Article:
Like I said at the beginning of the blog, my story isn’t unusual. But for some reason, nobody talks about the difficulties. The pressure that new moms feel to breastfeed and love it, is tremendous. When issues arise, we’re reluctant to speak out and seek help because we are ashamed. We feel like we’re not good enough, that we don’t love our child enough to be able to provide for them. ALL FALSE! FED IS BEST. Whether breast or bottle, what matters is that you child is being fed and thriving. My story had the outcome I wanted, but had I decided to switch to formula, that would have been fine too.

Did you have trouble breastfeeding? I want to know! Share your stories & thoughts in the comments below.

 

4 thoughts on “Adventures in Breastfeeding”

  1. My goodness, you’ve been through a lot! I just had my first baby on June 9 and I too have been shocked at how challenging breastfeeding has been. I had a negative experience with a nurse post delivery. She was very critical and taught me only one hold because my 38DDD breasts were “so large that I’d smother the baby if I tried anything else”. Yikes! You can imagine how scary that was to hear as a first time mom so I soldiered on but as time went on neither of us were comfortable with this hold, especially on my left side. This left me with super lopsided boobs, a nearly dried out left breast and an engorged right one. I finally decided to try different positions and my Snoogle as a nursing pillow and both have helped immensely. Babies definitely have to learn to feed from us as we learn to feed them and once I embraced it as a learning experience I relaxed more. My husband and I also made the decision to supplement with one bottle of formula at bedtime after a particularly rough day during a growth spurt. This has helped us all immeasurably. My husband gets to bond while he gives the bottle, I get a bit of a break and my supply gets time to replenish for my son. Motherhood is such a unique experience for everyone and we have to encourage each other more. Happy feeding!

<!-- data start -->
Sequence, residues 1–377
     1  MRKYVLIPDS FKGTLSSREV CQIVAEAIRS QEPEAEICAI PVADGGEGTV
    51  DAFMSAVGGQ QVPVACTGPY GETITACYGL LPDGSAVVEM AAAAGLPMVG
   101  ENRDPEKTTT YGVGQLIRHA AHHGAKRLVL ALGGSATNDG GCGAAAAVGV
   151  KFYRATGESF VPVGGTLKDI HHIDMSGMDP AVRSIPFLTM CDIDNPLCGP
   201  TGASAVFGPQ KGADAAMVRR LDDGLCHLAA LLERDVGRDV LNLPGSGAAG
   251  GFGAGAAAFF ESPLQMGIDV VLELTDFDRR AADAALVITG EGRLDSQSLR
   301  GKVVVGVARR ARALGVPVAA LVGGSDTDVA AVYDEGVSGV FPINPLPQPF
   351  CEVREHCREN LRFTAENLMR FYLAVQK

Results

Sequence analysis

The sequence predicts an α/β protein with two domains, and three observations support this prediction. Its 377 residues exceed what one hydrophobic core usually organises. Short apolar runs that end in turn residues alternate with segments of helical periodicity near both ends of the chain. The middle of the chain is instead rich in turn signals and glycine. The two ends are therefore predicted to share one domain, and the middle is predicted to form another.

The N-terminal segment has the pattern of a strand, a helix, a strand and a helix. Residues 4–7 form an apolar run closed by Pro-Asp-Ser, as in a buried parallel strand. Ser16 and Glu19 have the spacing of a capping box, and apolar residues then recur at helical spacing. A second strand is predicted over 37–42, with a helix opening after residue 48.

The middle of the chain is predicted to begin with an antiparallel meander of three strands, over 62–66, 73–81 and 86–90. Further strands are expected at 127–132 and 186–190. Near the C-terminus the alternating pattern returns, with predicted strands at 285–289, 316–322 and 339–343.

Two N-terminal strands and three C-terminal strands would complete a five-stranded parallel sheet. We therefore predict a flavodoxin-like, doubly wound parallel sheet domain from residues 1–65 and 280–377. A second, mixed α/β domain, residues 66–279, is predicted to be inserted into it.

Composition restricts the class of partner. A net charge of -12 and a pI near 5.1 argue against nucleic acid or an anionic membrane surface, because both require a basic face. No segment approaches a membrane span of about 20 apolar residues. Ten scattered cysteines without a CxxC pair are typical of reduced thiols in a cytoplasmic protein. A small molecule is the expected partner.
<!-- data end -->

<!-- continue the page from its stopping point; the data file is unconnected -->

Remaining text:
Liked by 1 person